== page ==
I believe my bankruptcy attorney did a horrible job representing me. I told him I wanted to keep my house, which I eventually lost, so he put me in a Chapter 7. Then when the Trustee moved to sell my house, my bankruptcy attorney did not even bother to defend against that action. Was this proper representation or do I have a claim?
Right or wrong, successful malpractice claims against bankruptcy attorneys are rare. What happens to a debtor inside and outside of bankruptcy is nearly entirely dictated by the debtor's circumstances. So, what an attorney does or does not do rarely changes the outcome. The problem many client's have is that the attorney fails to fully explain something, which may be an ethical violation and can be raised with the state bar association, but rarely, does that situation rise to malpractice.
For example, if a debtor is behind on her house payments and cannot afford the mortgage payment, the debtor will lose the house regardless of what the attorney does or does not do.
As for defending against the trustees action, I would suggest reviewing your fee agreement with the attorney. In chapter 7 bankruptcy, it is fairly standard practice that attorneys limit their representation and do not prosecute or defend actions that arise after the bankruptcy filing without additional fees being paid. Also, it is entirely possible that there was no viable defense against the trustees action (can't really say one way or the other).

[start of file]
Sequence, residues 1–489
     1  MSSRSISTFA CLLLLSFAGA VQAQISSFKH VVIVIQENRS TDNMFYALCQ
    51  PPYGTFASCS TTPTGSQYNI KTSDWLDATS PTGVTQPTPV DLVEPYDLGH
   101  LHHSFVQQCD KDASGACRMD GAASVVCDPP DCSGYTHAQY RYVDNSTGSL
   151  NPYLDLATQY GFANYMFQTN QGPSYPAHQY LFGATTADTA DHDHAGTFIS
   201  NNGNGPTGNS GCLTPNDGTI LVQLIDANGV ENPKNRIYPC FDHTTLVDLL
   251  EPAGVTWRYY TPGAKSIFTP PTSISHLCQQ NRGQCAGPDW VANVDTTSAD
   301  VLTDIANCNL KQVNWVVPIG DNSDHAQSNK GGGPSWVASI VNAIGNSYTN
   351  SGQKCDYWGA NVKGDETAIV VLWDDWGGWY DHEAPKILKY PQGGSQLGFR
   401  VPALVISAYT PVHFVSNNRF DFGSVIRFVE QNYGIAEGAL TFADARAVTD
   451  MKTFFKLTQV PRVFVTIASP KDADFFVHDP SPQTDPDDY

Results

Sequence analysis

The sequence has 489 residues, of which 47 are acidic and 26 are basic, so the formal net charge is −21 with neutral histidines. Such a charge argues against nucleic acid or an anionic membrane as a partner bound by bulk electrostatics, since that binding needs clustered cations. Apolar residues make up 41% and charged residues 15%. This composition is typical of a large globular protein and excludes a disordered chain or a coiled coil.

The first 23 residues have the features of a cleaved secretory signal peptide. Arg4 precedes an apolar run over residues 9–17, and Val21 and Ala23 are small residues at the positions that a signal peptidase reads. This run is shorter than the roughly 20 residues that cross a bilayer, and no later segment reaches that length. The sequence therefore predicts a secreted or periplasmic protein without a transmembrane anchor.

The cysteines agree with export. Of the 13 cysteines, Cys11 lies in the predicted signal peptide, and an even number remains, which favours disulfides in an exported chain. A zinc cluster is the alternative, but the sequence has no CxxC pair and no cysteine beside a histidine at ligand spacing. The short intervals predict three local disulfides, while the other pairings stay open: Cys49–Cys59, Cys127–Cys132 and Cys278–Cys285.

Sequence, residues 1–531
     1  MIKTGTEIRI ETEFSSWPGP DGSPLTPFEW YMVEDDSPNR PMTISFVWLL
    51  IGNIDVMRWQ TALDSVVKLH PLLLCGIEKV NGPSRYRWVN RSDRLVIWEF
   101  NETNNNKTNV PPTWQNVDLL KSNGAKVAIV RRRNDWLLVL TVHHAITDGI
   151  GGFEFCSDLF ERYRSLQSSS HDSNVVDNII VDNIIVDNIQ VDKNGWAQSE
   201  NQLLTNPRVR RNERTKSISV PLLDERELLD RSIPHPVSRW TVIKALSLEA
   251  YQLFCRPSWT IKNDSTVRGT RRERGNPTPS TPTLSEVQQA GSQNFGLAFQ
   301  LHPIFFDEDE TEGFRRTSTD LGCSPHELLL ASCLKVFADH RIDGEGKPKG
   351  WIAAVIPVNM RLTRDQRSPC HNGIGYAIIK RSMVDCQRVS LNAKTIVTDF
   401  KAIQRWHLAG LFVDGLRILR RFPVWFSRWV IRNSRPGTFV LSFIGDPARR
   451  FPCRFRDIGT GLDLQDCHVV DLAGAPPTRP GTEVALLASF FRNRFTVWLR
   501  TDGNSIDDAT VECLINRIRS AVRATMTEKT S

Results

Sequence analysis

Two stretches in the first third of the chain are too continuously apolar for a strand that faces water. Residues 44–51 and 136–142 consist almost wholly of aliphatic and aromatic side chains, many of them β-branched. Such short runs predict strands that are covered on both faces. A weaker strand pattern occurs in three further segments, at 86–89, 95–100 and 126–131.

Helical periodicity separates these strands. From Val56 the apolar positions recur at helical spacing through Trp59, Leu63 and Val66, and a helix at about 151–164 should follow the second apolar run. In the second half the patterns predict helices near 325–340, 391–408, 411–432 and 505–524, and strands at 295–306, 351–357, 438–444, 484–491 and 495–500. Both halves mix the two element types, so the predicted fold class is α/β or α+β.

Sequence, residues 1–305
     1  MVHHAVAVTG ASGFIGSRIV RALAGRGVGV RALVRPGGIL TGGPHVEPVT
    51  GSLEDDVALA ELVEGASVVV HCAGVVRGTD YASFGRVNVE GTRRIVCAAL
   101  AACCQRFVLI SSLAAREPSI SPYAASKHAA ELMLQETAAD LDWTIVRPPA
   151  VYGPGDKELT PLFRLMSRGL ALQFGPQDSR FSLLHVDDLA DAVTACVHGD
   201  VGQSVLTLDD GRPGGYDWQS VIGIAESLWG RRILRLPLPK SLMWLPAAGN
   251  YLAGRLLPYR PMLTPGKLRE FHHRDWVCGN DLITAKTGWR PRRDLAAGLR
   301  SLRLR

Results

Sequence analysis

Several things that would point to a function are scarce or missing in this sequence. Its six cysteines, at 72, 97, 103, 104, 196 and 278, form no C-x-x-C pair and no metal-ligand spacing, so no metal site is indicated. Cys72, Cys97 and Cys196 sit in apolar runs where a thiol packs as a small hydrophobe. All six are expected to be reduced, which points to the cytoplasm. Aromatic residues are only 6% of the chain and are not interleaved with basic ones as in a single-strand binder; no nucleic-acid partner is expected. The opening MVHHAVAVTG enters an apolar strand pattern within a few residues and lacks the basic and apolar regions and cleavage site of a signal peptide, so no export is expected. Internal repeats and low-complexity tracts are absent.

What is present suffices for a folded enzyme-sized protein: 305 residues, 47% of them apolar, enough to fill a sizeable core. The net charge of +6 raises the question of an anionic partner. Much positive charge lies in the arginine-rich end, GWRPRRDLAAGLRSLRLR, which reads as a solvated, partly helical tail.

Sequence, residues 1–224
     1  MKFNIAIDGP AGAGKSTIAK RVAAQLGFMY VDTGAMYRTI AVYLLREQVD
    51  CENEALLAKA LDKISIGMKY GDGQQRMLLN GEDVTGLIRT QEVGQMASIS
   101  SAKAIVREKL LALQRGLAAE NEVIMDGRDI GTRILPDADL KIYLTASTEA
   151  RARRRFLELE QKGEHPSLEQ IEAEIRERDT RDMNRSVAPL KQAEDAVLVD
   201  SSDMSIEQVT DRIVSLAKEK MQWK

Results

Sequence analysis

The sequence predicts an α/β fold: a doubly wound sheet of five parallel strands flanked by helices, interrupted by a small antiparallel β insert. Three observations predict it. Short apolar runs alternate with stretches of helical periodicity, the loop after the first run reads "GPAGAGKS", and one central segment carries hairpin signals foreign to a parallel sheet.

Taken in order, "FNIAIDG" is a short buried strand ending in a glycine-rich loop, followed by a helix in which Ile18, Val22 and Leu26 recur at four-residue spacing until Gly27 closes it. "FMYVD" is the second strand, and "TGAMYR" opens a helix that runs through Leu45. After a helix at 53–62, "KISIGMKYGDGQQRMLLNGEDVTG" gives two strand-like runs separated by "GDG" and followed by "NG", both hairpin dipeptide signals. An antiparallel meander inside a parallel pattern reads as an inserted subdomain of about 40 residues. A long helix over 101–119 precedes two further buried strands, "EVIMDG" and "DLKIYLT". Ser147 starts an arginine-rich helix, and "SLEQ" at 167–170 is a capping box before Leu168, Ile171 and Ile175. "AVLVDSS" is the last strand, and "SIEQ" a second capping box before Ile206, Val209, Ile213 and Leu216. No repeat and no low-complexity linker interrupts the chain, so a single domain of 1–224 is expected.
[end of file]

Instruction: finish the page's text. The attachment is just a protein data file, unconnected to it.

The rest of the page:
You should probably sit down with a competent bankruptcy attorney. and yes you will probably need to pay some money, to have the attorney audit your bankruptcy to determine if anything is really at issue.
Maybe not what you want hear, but part of bankruptcy is moving on.
I would suggest going to a mal practice attorney. It is impossible to give you an answer without all the facts in detail.
Jonathan Leventhal, Esq.
Leventhal Law Group, P.C.
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The link below contains general information that may assist you in evaluating the circumstance in which a chapter 7 trustee takes and sells a home to pay unsecured creditors from the debtor's equity.
Not legal advice, just general information. I practice in Vermont, not California. Consult California counsel to obtain legal advice.
In my opinion your BK attorney should have told you to have an appraisal (costs $$$) or at least a CMA (free) BEFORE you filed your petition. Also, he should have given you a list of exemptions that are available to protect your assets. IF your house's equity is in excess of the available exemption AND he told you that you ran the risk of the trustee "taking & selling" your house. If he did all three, there probably is no malpractice.
Bankruptcy is a legal way for people or businesses who are no longer capable of paying back their bills to clear these debts and start over.